The new device is then listed in the data base (16) for display at the clients.
The new device is also registered with the communications interface (15) for access to device data.
Referring to FIGS. 6A and 6B, an advantageous aspect of the preferred embodiment is discussed. In a less preferred approach, as shown in FIG. 6A, the application layer is responsible for making detailed requests, with respect to, for example, obtaining device related information. That is, for those situations in which the client desires information regarding the machine settings of one of the devices 200 (FIG. 5), the application, in the illustrated embodiment of FIG. 6A, provides the communications interface 208 with a detailed list regarding the machine value settings that it seeks. In turn, the detailed list is communicated to a suitable module ("CIS-- ") in the communications interface, the module causing queries or commands of the list to be communicated to a corresponding device at which client requested values are provided. With respect to the module, each device in the disclosed system is represented as an instance of a C++ class, where each class represents a type of device. That is, one class corresponds with one type of device (e.g. a printing system), another class corresponds with another type of device (e.g. a stand-alone image capture device), and so on. As should be appreciated, this less preferred approach requires one writing code for the application layer to have relatively significant knowledge regarding the various machine settings associated with the particular device for which information is sought.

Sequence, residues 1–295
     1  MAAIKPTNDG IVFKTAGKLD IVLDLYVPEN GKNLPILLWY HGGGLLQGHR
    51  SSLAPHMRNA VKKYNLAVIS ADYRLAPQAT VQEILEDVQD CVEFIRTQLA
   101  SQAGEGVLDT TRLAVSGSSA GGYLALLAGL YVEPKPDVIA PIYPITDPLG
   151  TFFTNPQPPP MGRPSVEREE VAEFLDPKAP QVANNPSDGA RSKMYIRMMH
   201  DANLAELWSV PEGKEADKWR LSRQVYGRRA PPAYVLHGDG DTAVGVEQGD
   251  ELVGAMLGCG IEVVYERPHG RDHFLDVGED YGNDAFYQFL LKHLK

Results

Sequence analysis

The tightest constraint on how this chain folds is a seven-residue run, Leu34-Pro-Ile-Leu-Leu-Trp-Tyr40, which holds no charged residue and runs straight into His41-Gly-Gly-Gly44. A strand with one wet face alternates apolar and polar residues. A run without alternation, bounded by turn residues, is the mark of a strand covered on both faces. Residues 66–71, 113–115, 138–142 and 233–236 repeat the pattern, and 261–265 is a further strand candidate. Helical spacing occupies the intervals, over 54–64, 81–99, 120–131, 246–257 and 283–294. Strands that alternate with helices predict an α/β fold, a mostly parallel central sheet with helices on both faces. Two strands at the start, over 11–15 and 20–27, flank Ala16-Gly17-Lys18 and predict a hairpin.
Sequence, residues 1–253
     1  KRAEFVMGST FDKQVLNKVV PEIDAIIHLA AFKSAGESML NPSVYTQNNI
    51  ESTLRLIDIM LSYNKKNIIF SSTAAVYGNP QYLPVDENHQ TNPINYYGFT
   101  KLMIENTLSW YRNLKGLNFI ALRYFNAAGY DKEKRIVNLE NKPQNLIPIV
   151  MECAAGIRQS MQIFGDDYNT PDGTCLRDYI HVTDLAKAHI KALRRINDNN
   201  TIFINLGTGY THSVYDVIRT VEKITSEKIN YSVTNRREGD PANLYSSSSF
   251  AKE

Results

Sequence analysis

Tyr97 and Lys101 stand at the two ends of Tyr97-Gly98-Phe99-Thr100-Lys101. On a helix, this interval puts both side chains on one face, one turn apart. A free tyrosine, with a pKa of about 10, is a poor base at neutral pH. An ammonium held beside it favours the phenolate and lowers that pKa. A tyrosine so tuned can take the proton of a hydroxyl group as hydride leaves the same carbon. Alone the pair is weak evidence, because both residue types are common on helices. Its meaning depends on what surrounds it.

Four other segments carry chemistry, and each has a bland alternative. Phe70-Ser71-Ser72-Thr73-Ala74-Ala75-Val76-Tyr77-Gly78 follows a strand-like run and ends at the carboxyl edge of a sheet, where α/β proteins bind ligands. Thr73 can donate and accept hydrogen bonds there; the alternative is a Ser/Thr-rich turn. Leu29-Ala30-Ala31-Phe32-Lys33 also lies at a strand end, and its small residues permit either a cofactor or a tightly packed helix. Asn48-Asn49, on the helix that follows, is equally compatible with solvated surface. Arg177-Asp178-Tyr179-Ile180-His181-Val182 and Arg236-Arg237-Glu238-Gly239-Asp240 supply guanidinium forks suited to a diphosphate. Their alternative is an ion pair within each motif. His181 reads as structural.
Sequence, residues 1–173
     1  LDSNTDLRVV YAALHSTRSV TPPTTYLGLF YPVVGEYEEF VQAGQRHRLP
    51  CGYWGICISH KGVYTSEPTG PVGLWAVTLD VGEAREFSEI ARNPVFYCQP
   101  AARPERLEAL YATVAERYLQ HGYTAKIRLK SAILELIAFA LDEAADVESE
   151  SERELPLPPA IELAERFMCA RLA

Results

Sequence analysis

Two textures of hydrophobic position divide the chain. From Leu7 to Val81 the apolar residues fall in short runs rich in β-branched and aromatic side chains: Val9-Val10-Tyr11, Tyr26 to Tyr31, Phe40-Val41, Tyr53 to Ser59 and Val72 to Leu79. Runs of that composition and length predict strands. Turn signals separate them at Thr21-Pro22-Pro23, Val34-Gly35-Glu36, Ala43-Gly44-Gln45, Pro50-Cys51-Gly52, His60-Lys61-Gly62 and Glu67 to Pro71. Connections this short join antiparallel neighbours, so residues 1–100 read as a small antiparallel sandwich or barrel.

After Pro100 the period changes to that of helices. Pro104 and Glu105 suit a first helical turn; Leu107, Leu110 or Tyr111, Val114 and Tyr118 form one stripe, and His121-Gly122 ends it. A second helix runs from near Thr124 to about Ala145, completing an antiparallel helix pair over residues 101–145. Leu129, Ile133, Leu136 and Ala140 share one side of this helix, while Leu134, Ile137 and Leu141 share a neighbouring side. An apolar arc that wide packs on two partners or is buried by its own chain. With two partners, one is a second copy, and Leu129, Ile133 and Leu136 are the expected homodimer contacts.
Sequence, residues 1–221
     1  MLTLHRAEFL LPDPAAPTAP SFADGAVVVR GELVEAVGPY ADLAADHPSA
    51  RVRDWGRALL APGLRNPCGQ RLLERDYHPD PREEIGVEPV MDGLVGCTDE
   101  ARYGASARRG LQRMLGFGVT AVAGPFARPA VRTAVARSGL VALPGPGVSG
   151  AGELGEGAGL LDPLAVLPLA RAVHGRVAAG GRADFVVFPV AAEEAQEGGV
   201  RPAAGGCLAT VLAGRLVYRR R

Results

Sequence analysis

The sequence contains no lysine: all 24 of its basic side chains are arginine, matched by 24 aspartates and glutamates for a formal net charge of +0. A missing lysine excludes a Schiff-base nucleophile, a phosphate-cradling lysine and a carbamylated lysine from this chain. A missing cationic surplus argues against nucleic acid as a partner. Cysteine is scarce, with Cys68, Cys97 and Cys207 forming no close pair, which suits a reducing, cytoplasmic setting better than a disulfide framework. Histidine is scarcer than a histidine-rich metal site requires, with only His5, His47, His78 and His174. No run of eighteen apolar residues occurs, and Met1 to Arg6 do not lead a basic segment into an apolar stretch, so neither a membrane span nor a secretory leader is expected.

By contrast, in the preferred approach of FIG. 6B, the application receives a request from a client and translates that request into a function call with an argument. In practice, as will appear from the discussion below, the information call permits the routing interface 206 to communicate to the communications interface, in a shorthand manner, what information the client desires. More particularly, the substance of the function and its argument is made available to an appropriate module in the communications interface and that module decides which values are to be provided to or which actions are to be taken with respect to a particular device. As should be appreciated, this greatly reduces the amount of commands to be provided by the application layer.
Using the underlying structure/function of the communications layer, the interface to each device looks the same to the application layer, regardless of which type of device it is and regardless of the underlying structure/function required to access the device. An exemplary list of function calls used by the proxy server is provided below:
______________________________________Job Management Commands: Hold Job(DeviceName, JobID) Promote Job(DeviceName, JobID) Cancel Job(DeviceName, JobID) Release Job(DeviceName, JobID)Status Commands:Job Status GetJobStatus(DeviceName)Device Status GetDeviceStatus(DeviceName)Configuration Commands:Configuration Display Get Device Settings(DeviceName)Configuration Change Set Device Settings(DeviceName, VariablesToSet)Installation Commands:Device Addition AddDevice(DeviceName, IP Address, DeviceType)Device Deletion DeleteDevice(DeviceName)______________________________________